Petersfield's market survives 'class-war' scare

Normally the sight of fresh fruit and veg is
sufficient to keep away the working classes...

The monthly Farmers’ Market in Petersfield Town Square went off without a hitch yesterday – despite the appearance of several working-class families.

Organiser Felicity Price-Hike admitted she breathed a sigh of relief when the unexpected guests finally moved on to the 99p Store without deterring any of the regular, affluent 4x4-driving customers.

She said: “Petersfield is hugely proud of its multi-cultural nature, mixing as we do white middle class families with white lower-middle-class families.

"Market days are a great example of this multi-culturalism. Every Wednesday and Saturday the lower orders may come into town to pick up cheap school uniforms, boxes of broken biscuits, ethnic clothing and egg-and-bacon burgers.

“But once a month the square is turned over to a market for a better class of people. It sells things the working classes would never contemplate – soap for example.

“It was always our intention to create a sort of al fresco Waitrose, only more expensive. It never occurred to us that working-class people would consider purchasing small portions of goat’s cheese for £4 a time or a loaf of bread at £2.50.

“Yesterday’s influx of lower-caste specimens came as something of a surprise and there was a stand-off on a stall selling pheasant and pigeon when one of the newcomers opined ‘How much? You’re ‘avin a larf mate…’ But thankfully that was the closest we came to actual confrontation.”

She continued: “They even went to the effort of wearing country-check shirts, wax jackets and wellies, but we weren’t fooled. For a start the mothers didn’t have bob haircuts and they were driving rear-wheel drive cars – a dead giveaway.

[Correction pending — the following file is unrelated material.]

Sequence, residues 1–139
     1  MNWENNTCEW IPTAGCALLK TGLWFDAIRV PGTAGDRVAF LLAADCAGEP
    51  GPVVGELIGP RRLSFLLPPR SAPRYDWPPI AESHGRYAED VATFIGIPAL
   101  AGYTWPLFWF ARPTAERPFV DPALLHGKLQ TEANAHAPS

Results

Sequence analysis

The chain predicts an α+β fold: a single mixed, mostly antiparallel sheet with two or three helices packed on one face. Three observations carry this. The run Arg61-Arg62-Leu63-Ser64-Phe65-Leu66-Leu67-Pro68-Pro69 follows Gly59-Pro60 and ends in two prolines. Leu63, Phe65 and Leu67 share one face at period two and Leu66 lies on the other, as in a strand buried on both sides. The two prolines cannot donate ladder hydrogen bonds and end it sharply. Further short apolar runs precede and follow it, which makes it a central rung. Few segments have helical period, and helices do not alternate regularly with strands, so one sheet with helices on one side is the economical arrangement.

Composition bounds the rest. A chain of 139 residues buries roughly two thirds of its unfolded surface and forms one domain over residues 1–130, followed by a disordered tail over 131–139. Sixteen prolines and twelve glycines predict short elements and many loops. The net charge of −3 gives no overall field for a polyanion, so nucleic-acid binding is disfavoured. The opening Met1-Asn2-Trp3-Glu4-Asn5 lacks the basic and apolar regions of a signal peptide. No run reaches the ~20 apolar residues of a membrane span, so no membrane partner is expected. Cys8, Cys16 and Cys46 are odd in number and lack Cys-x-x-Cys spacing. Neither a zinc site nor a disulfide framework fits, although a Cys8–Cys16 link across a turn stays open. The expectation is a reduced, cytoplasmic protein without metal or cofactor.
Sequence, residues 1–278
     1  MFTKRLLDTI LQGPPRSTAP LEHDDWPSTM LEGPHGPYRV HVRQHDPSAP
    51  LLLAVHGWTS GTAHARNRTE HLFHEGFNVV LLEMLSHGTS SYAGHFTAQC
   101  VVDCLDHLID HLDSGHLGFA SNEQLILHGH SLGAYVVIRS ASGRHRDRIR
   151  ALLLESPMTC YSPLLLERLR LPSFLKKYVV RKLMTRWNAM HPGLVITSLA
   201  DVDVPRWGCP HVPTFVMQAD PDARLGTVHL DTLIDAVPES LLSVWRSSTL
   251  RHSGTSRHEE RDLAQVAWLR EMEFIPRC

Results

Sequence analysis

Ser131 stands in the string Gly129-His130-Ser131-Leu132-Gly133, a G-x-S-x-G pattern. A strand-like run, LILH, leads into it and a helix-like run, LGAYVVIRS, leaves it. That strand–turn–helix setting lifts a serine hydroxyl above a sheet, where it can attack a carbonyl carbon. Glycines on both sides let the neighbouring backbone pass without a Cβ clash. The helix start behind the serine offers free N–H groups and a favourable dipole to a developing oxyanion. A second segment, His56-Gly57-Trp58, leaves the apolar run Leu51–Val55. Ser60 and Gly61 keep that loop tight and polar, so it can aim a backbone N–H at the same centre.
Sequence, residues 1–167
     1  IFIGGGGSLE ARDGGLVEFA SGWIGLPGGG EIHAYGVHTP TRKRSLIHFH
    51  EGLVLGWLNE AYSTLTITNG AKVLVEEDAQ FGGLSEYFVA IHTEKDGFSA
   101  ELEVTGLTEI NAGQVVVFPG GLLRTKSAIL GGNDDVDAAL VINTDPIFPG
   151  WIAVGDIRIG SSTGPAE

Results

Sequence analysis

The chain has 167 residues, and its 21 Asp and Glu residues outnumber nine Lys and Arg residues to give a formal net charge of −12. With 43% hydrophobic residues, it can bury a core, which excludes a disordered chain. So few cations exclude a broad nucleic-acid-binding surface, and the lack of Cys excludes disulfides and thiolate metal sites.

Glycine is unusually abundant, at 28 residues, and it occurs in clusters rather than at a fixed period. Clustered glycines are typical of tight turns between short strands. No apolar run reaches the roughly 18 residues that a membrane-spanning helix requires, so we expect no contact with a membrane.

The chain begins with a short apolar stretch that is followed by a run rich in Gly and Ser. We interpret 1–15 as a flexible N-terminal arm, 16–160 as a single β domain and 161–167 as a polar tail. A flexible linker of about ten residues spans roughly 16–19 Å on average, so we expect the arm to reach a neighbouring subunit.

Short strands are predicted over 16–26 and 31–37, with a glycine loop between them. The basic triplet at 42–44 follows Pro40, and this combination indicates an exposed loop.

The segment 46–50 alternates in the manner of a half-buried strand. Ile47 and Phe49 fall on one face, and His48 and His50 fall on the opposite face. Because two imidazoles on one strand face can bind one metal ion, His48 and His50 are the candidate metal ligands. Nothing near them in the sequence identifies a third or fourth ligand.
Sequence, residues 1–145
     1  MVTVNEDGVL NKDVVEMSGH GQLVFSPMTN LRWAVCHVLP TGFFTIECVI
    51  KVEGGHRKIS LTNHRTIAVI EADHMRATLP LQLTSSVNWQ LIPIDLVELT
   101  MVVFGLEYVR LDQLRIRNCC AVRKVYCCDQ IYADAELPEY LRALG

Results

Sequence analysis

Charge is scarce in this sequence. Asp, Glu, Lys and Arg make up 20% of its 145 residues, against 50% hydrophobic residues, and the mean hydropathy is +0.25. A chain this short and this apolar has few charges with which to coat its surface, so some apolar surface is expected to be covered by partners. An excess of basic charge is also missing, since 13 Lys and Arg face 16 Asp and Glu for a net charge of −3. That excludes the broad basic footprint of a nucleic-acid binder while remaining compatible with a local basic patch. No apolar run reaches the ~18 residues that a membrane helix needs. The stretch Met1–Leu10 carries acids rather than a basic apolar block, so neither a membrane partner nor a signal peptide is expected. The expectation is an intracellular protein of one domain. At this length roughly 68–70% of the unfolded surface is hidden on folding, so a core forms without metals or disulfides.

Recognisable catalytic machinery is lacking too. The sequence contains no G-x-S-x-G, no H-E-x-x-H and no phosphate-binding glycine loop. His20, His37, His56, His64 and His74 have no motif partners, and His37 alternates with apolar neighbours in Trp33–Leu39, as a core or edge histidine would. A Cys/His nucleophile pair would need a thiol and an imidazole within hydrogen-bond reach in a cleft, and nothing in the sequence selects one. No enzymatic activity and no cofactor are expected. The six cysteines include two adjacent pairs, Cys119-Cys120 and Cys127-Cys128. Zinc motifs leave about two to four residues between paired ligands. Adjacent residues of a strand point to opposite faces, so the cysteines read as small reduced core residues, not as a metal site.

“After about 10 minutes laughing and pointing at price-tags they moved off to get a coffee and wandered down to the 99p Store. Fortunately we had a local member of the Working-Class Watch Scheme keep an eye on them.”

Admiral Carr-Insurance Retd, of Toff Totty Drive, Steep, confessed he had not noticed any strangers.

“We were all too busy doing our monthly shop,” he smiled. “I picked up a whole sackful of game, bread and cheese for under £500 and I was too busy telling my friends about it and thrashing the valet to notice any ‘incidents’.”

Police confirmed the market went off without a hitch.

Constable Haywain said: “We did hear reports of insurgents in Petersfield, but as none of us have a clue where Petersfield is we just let nature take its course.”

Friday, March 04, 2011

On yer bike!

Bus users hoping to travel between Petersfield and Chichester have been told to get on their bikes. 

As the public transport route faces the axe – thanks to council and coalition cuts – Petersfield MP Damian Hindsight has entered the bus link debate with some sound advice.

Although Tories are renowned for never knowingly travelling on public transport, he said: “In my father’s day, if he couldn’t find a bus, he’d get on his bike and ride until he found one – or got to his destination, whichever was quicker…”

The enthusiastic Damian Hindsight, centre, heads to Westminster
accompanied by his batman and valet

Thursday, March 03, 2011

No china crisis in Petersfield

Royal wedding souvenirs come in all shapes and sizes
- but here one size fits all

A grovelling Petersfield businesswoman has come up with a unique souvenir for the forthcoming royal wedding between Princess William and some common woman called Katie Price.

Mrs Gabby Simpering-Subject has designed a ceramic forelock, which purchasers can tug with impunity before, during and after the upper-crust nuptials.

“Everyone I know is delighted about the royal wedding and has chattered of nothing else for months,” she wittered.

“I can’t think of a better tribute than a forelock because not only can we tug it to show our undying respect we can keep it for posterity because it will always remind us just what simpletons we are.

“We’ll be able to look back and recall how we were all cheered up by watching some rich folk fritter away millions of pounds on a pointless ceremony simply to rub our noses in it during the biggest economic recession in living memory…”

Mrs Simpering-Subject added: “I once stood behind someone in a queue at Stansted airport who knew the cousin of a lady-in-waiting who poop-scooped for the royal corgis - and she was the loveliest person you could ever meet.”

The oven-blasted forelocks will be available from Long May She Reign Over Us Ceramics for £2,500 each – all proceeds will be used to sponsor cheap plastic union jacks to be handed out to anyone who can no longer afford one to wave at the big event on April 29.